The history of the music video

  • First ever music video

    First ever music video
    The first music video was done by Thomas Edison in his studio.
    The oldest known music video made for a device called a Kinetophone, which would show moving pictures. In the film, its inventor, William Dickson, plays operetta music on a violin and two men dance beside him. The music was recorded separately on a wax cylinder. This was called the “Dickson Experimental Sound Film,” and was not released, because the Kinetophone never caught on with consumers.
  • Illustrated songs capture moviegoers

    Illustrated songs first started in 1894 as a publicity stunt for marketing sheet music. Illustrated songs were a series of photographic images painted in colour and projected from glass slides, sometimes with silent moving pictures. Audience members would watch these before silent films started or during the reel changes.
  • Sound-on-film

    In 1923, New York City’s Rivoli Theater presented the first motion pictures with sound-on-film. Sound on sound film synchronized movies and their soundtracks, The Jazz Singer is an example of this. Many early sound-on-film productions featured vaudeville stars, opera singers, bands and other popular musicians these were known as musical shorts, these clips were played before feature films up until the 1940s. Later, during the 1950s, musical shorts made a comeback as filler footage between televi
  • Soundies

    Soundies were three-minute films featuring music and dance performances, designed to display on jukebox-like projection machines in bars, restaurants and other public spaces. Jazz singers, swing dancers, chamber musicians and comedians all appeared on the jukebox.
  • The word 'music video' was invented

    The word 'music video' was invented
    According to some music historians, singer and songwriter Jiles Perry Richardson, who went by The Big Bopper, became the first person to use the phrase “music video” in a interview in 1959. The “Chantilly Lace” singer is also know to make some of the earliest known rock videos in 1958.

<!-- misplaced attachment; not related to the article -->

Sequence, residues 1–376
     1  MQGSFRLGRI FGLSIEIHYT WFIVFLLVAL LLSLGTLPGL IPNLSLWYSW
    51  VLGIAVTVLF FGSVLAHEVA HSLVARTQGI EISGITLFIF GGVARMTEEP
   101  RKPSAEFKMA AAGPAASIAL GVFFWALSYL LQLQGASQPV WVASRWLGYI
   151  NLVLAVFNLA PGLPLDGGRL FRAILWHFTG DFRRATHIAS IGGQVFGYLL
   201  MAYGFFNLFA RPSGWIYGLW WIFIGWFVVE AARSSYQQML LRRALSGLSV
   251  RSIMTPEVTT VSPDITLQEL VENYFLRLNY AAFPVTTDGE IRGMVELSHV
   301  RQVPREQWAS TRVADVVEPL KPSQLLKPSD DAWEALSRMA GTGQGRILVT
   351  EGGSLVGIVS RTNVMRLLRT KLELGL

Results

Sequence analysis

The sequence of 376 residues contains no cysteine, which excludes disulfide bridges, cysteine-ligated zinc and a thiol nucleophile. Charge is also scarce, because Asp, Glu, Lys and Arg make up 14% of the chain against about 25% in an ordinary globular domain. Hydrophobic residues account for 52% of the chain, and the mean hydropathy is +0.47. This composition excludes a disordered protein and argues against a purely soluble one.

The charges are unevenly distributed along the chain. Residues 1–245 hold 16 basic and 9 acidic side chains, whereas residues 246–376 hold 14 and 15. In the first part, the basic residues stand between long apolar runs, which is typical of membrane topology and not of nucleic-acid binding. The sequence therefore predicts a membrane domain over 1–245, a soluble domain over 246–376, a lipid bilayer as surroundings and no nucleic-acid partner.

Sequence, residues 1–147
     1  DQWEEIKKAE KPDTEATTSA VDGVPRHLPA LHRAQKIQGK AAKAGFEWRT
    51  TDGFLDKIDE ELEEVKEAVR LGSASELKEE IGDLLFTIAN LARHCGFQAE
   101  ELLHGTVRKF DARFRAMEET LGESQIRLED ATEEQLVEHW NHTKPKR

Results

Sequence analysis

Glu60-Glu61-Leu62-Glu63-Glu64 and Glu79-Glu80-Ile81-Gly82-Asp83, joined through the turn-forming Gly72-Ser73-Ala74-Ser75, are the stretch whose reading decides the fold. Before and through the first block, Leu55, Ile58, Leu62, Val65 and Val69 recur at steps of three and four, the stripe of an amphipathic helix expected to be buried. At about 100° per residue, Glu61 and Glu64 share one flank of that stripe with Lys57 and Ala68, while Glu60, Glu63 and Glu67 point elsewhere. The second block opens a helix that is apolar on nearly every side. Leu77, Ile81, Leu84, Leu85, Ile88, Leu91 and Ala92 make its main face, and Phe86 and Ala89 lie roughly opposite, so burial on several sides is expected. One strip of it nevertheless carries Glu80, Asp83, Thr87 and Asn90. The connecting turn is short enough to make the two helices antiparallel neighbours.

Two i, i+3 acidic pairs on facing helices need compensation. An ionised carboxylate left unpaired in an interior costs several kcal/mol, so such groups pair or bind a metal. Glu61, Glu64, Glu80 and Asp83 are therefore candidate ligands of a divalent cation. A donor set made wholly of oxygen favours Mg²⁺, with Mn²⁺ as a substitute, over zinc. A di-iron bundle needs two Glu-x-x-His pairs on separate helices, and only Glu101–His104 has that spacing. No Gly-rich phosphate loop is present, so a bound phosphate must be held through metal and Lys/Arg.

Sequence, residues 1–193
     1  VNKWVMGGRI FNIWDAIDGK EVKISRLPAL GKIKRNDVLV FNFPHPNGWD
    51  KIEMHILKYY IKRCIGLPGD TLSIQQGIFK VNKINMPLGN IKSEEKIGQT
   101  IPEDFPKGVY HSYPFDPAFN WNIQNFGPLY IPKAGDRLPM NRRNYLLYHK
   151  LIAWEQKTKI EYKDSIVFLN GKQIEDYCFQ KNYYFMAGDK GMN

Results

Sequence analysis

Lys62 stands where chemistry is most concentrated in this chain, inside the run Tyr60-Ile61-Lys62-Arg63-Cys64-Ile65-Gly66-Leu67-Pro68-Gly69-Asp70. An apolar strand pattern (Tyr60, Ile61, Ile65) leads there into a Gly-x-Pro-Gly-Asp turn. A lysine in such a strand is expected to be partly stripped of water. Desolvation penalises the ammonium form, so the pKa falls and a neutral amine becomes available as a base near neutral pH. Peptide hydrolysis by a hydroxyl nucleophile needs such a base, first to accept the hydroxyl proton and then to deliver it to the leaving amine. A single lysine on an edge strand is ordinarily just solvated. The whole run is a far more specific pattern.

• The Beatles combine movies and music

    The Beatles combine movies and music
    The Beatles were seen as the power of film to market their records and express themselves as artists. In addition to starring in full-length features such as “Help” and “A Hard Day’s Night,” The Beatles recorded promotional clips some with narratives and others of psychedelic images that were seen in England and overseas. Many rock and roll bands of the late 1960s and 1970s followed their lead, releasing increasingly sophisticated promo films that shared the lineup with live performances on tele
  • Music programmes such as Countdown came along.

    Music programmes such as Countdown came along.
    Two weekly teen-oriented music programs premiered in Australia in 1974. Both featured music videos, some were created especially for the shows. In 1978, three years before MTV hit our TV screens, the American program “Video Concert Hall” began offering several hours of unhosted music videos every day on the USA Network.
  • The introduction of MTV

    The introduction of MTV
    MTV broadcasts a variety of reality and television programs targeted at teenagers and young adults. MTV started out by focusing on playing music videos mainly from the pop culture. Back in 1980 MTV was the first to access music videos and the latest music news. Something which was unique and new to TV. MTV has In 1980 MTV was supposed to be a TV channel providing music videos 24/7 whereas now MTV is a mix of interviews and TV shows rather than just music, this could suggest that our need for the